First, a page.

Tuesday, December 23, 2008

Zimbabwe Politics - Dragging out the Nightmare

Zimbabwe's nightmare will not end any time soon. The British foreign office minister Mark Malloch-Brown was only stating yesterday what had been evident for some time - that efforts to form a power-sharing government were deadlocked and that Robert Mugabe had become the chief obstacle to forming one. On Sunday Jendayi Frazer, the US assistant secretary of state for Africa, said the US would not support a power-sharing agreement with Mr Mugabe remaining as president.

The target of both statements was not Mr Mugabe, who continues to mouth inanities like "Zimbabwe is mine", but his Southern African neighbours. They too were the subjects of Mr Mugabe's wrath when he dared them to invade his country. He told Zanu-PF's central committee on Friday that he did not know of any African country brave enough to do that. In other words: come and get me.

The collapse of the deal signed in September is a challenge that South Africa in particular, will find increasingly hard to ignore, not least because it has consistently voted with Russia and China to block attempts by the UN security council to get involved. But it always had the pretext that an alternative was at hand, a negotiated end to Zanu-PF's monopoly on power, and an African solution to an African problem. It is doubtful whether Mr Mugabe ever intended to share power, or whether Thabo Mbeki, the mediator appointed by the Southern African Development Community (SADC), ever intended to enforce a deal which gave Morgan Tsvangirai anything more than the role of senior minister in a government in which Zanu-PF retained control both of the military and the police. But while a process existed, the inevitable outcome could be postponed. But now it cannot, and the South African president, Kgalema Motlanthe, is left with nowhere to hide.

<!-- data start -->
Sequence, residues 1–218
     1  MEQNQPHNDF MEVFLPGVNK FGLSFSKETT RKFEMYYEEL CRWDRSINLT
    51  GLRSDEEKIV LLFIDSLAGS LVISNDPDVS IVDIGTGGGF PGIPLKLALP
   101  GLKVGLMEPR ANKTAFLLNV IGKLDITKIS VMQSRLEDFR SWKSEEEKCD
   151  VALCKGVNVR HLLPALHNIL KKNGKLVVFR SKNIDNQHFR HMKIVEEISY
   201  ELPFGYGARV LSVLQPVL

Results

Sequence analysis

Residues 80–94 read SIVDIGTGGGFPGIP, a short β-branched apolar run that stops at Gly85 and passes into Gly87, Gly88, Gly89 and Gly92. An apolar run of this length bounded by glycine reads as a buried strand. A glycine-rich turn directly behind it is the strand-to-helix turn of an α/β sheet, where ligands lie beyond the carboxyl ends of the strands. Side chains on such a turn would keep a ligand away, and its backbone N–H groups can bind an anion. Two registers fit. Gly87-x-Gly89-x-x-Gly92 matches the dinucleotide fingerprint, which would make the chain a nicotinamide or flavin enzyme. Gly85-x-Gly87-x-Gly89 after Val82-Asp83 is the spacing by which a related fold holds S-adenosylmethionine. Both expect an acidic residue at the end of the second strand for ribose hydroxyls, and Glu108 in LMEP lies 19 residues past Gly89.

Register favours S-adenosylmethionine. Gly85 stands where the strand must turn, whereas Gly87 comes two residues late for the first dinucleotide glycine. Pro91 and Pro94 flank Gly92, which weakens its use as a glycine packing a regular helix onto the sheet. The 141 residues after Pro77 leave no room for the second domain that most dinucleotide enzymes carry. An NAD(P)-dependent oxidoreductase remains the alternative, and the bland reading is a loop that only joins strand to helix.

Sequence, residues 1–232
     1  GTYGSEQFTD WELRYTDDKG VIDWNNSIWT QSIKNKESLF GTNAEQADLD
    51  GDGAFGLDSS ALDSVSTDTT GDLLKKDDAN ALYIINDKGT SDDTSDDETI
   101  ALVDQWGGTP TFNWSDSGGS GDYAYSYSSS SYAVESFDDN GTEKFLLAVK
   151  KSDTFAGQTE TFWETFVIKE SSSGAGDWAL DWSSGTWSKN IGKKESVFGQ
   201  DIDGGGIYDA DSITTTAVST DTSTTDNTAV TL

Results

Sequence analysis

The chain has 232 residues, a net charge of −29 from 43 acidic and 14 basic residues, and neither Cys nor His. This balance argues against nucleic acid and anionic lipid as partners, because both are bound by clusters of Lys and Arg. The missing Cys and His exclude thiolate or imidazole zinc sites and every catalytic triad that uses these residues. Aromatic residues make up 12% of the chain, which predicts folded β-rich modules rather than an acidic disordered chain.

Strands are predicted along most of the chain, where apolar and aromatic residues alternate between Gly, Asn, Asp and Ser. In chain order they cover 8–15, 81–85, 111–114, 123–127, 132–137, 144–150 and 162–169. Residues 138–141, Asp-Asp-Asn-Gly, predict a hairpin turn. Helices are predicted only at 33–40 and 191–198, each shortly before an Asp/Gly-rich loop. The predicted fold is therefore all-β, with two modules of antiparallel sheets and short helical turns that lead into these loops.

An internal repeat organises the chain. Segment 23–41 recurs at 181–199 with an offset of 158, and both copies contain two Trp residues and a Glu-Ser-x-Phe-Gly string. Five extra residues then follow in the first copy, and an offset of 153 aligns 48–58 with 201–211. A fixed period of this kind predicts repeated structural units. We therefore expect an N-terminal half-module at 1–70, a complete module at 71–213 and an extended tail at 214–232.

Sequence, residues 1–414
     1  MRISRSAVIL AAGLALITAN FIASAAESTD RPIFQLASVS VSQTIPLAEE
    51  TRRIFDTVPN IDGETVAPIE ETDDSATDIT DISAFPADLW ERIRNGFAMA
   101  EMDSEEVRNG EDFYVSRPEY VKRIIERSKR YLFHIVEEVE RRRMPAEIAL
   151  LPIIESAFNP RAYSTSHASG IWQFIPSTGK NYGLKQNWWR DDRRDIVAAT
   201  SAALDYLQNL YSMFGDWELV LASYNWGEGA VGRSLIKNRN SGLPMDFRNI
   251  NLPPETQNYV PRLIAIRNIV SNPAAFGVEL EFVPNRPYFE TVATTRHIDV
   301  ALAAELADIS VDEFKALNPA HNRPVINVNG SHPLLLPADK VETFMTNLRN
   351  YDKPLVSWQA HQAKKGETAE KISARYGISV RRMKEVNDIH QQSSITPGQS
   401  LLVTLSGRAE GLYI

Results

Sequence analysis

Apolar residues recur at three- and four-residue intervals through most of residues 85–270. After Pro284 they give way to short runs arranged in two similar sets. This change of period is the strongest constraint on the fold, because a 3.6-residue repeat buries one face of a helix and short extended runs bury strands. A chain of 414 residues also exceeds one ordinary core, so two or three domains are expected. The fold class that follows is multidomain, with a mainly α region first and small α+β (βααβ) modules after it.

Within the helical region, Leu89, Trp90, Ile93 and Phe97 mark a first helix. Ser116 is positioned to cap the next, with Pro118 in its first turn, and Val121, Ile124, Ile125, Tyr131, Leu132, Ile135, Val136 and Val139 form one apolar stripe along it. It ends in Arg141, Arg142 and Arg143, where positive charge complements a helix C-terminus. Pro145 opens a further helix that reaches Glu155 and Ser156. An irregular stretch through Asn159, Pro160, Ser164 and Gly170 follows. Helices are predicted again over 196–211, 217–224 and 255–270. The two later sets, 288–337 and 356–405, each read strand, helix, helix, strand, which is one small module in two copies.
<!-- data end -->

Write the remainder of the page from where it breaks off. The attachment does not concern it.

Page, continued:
The SADC is already split with Zambia and Botswana calling on Mr Mugabe to stand down, and Botswana offering to host a government in exile. The split will deepen as the death toll from the cholera outbreak increases, as the regime resorts to repression, and as the Movement for Democratic Change goes underground or into exile. Declaring a state of emergency will do nothing to help Mr Mugabe retain control of his country's economy, the health system, and the ability to feed the population. Collapse is no longer a possibility but a certainty. The only question, as the SADC is forced to supply ever greater quantities of emergency aid, is how long it takes. The longer the agony, the more it will fall on South Africa to end it. As it is, the only thing that is growing in Zimbabwe is the graveyard.

Wednesday, December 10, 2008

Rights group: New crackdown on dissent in Zimbabwe


HARARE, Zimbabwe (AP) — President Robert Mugabe's regime has renewed assaults on dissidents, a human rights group said Tuesday, even as he faced more international pressure to step down amid a cholera outbreak that has killed nearly 600 people.

The World Health Organization, meanwhile, said it was planning its response on the assumption that as many as 60,000 people could be infected if the situation worsens.